Econstudentlog

‘Publish or perish’ and bias

Do Pressures to Publish Increase Scientists’ Bias? An Empirical Support from US States Data, by Daniele Fanelli (link). Abstract:

“The growing competition and “publish or perish” culture in academia might conflict with the objectivity and integrity of research, because it forces scientists to produce “publishable” results at all costs. Papers are less likely to be published and to be cited if they report “negative” results (results that fail to support the tested hypothesis). Therefore, if publication pressures increase scientific bias, the frequency of “positive” results in the literature should be higher in the more competitive and “productive” academic environments. This study verified this hypothesis by measuring the frequency of positive results in a large random sample of papers with a corresponding author based in the US. Across all disciplines, papers were more likely to support a tested hypothesis if their corresponding authors were working in states that, according to NSF data, produced more academic papers per capita. The size of this effect increased when controlling for state’s per capita R&D expenditure and for study characteristics that previous research showed to correlate with the frequency of positive results, including discipline and methodology. Although the confounding effect of institutions’ prestige could not be excluded (researchers in the more productive universities could be the most clever and successful in their experiments), these results support the hypothesis that competitive academic environments increase not only scientists’ productivity but also their bias. The same phenomenon might be observed in other countries where academic competition and pressures to publish are high.”

Figure 2:

An important bit on ‘”negative” results’ from the paper:

“Words like “positive”, “significant”, “negative” or “null” are common scientific jargon, but are obviously misleading, because all results are equally relevant to science, as long as they have been produced by sound logic and methods [11,12]. Yet, literature surveys and meta-analyses have extensively documented an excess of positive and/or statistically significant results in fields and subfields of, for example, biomedicine [13], biology [14], ecology and evolution [15], psychology [16], economics [17], sociology [18].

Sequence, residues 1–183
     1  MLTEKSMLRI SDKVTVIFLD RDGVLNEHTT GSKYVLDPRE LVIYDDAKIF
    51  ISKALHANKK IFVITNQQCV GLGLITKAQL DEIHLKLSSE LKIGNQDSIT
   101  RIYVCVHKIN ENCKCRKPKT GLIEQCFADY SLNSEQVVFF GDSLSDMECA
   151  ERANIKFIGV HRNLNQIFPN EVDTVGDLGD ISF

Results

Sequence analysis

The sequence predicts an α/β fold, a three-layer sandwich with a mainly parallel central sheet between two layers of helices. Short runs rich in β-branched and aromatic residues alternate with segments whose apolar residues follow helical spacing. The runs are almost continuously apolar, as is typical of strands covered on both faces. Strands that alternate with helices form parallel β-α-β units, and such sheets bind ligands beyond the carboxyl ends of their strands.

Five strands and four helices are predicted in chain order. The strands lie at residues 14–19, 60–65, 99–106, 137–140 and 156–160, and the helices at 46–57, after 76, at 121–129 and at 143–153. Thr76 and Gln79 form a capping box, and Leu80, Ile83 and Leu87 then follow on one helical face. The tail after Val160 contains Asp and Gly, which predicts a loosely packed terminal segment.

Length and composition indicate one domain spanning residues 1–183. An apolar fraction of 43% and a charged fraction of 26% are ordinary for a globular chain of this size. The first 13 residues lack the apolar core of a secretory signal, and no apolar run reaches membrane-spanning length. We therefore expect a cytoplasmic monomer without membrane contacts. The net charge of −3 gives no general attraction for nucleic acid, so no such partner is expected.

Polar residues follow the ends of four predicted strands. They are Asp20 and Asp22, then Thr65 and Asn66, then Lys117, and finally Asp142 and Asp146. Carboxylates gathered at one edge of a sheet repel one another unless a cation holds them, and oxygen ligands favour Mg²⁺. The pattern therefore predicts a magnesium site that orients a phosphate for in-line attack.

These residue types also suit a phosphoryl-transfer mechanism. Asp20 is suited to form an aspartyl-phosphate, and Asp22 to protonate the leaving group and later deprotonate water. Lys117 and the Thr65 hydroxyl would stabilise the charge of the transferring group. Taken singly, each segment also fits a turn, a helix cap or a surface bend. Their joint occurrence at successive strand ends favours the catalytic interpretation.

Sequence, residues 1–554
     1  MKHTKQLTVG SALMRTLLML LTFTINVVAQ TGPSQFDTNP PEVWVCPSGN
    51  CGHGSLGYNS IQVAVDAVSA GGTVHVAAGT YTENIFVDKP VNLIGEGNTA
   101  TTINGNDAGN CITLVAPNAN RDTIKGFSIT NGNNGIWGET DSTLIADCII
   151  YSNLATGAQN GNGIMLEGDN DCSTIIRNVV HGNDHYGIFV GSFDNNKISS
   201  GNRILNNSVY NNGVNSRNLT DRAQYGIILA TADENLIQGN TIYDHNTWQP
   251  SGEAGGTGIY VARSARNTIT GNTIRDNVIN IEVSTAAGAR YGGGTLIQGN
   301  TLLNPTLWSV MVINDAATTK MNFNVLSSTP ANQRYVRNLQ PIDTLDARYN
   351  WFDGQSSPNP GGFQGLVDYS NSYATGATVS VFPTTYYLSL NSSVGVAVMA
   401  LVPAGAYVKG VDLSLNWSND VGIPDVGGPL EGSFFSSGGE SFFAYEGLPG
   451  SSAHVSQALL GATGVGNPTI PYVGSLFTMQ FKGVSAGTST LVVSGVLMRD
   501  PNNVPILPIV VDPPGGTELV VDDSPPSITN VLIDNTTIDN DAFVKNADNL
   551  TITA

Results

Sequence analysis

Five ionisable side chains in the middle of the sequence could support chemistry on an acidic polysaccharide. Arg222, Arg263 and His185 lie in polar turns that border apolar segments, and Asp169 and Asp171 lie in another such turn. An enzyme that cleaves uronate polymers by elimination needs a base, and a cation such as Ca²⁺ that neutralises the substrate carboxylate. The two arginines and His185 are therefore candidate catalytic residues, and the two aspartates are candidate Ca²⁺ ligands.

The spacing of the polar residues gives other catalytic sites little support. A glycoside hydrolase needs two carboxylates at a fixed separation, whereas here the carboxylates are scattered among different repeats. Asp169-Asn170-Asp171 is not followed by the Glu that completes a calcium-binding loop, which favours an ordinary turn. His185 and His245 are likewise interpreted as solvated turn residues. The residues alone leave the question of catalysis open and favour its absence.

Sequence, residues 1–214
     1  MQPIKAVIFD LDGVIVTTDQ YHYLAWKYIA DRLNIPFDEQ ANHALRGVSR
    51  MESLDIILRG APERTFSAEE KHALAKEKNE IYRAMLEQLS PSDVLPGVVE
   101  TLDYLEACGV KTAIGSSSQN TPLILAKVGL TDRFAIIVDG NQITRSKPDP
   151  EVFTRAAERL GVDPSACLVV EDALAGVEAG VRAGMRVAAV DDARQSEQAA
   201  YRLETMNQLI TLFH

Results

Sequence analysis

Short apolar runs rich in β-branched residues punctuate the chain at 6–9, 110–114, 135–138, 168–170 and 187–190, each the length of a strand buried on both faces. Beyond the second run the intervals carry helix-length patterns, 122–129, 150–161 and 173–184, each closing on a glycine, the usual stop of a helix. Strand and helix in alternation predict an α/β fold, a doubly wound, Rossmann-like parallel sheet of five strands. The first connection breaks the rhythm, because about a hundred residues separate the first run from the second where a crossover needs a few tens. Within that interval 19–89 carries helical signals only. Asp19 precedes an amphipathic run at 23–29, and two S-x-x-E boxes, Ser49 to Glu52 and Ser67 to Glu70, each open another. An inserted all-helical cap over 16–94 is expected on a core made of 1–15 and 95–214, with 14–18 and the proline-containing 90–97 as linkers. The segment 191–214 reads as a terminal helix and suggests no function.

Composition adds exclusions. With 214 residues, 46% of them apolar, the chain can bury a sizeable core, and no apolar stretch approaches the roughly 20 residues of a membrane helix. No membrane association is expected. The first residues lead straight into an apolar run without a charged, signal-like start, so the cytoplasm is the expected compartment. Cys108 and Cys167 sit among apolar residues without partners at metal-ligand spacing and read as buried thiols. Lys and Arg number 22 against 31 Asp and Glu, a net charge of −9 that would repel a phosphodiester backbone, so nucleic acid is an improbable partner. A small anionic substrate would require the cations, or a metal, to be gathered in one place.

Many factors contribute to this publication bias against negative results, which is rooted in the psychology and sociology of science. Like all human beings, scientists are confirmationbiased (i.e. tend to select information that supports their hypotheses about the world) [19,20,21], and they are far from indifferent to the outcome of their own research: positive results make them happy and negative ones disappointed [22]. This bias is likely to be reinforced by a positive feedback from the scientific community. Since papers reporting positive results attract more interest and are cited more often, journal editors and peer reviewers might tend to favour them, which will further increase the desirability of a positive outcome to researchers, particularly if their careers are evaluated by counting the number of papers listed in their CVs and the impact factor of the journals they are published in.
Confronted with a “negative” result, therefore, a scientist might be tempted to either not spend time publishing it (what is often called the “file-drawer effect”, because negative papers are imagined to lie in scientists’ drawers) or to turn it somehow into a positive result. This can be done by re-formulating the hypothesis (sometimes referred to as HARKing: Hypothesizing After the Results are Known [23]), by selecting the results to be published [24], by tweaking data or analyses to “improve” the outcome, or by willingly and consciously falsifying them [25]. Data fabrication and falsification are probably rare, but other questionable research practices might be relatively common [26].”

December 1, 2011 - Posted by | science, statistics

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